We didn’t get much sleep on the train. It was uncomfortable on the tiny bunks and the space between them and the door could not have been much more than a foot, making for an interesting contortionist effort to climb in. The constant movement and the sound of the train’s horn every few minites, as it approached a level crossing, made it impossible to relax. The best stretch of sleep was for an hour and a half before waking with a start shouting “STOP” – I had been dreaming the train was about the crash and Rachel wasn’t too pleased to be awoken in such a manner! That was it – we didn’t sleep again and decided to get up. It was about 6am.
Food was being served in the restaurant car so we got breakfast. I didn’t mention in our previous blog that the restaurant had ‘community seating’, meaning you didn’t get a table to yourself but shared with whoever you were put with by the attendent. This turned out to be great because we met and chatted to some very nice people. At dinner last night we had a laugh with a couple of people. The first a 22 year old girl who was doing a month long round trip across the States, visiting friends and seeing the country. She was delightful – a typical (in my mind) wholesome American with family values. The other was a middle aged lady who had been on a work’s conference and was heading home.
We arrived in Chicago’s Union Station at about 9:30am and took a taxi to the Essex Hotel on Mitchigan Ave. This hotel was not as plush as the one in Washington but was friendly and comfortable. We booked the hop on – hop off tour bus and the architectural water tour as soon as we arrived in the hotel and headed out immediately for the bus. We spent a couple of hours touring the city and were amazed by what we saw. We had loved Washington but this was something else! The buildings were stunning: impossibly high, seemingly brand new and extremely interesting architecturaly. The Chicago skyline is every bit as stunning as New York and, in some ways, even more impressive. We really enjoyed the boat tour and learned a lot about the thinking behind the Architecture. The reason Chicago looks so shiny and new is that it actually is quite new. Most of the city was burned down in the 1870’s and had to be rebuilt. So there are very few buidlings predating this but Chicago is now blessed with the most stunning architecture.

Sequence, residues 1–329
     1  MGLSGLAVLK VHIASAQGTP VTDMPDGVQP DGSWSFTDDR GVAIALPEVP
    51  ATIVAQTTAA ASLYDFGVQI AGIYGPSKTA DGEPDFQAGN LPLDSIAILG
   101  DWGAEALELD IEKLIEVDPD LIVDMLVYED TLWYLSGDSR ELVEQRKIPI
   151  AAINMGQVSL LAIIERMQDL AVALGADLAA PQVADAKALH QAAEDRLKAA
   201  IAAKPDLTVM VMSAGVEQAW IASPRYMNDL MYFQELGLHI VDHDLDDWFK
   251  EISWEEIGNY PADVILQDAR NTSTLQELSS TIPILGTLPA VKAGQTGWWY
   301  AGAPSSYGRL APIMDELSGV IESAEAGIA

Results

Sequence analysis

Here are one or two photos to illustrate this:
The Bean is one of the most recognisable attractions in Chicago. Someone said it is the equivalent of France’s Eiffel Tower – if you see it you know it’s Chicago.
In the evening we went to a great Blues club and restaurant called Buddy Guy’s Legends. He’s famous in the world of Blues and he made a guest appearance during the show, sang and told a few jokes. The regulars loved it and the music went on until about 2am, although we left about 11pm to get some much needed sleep, ready for another hectic day.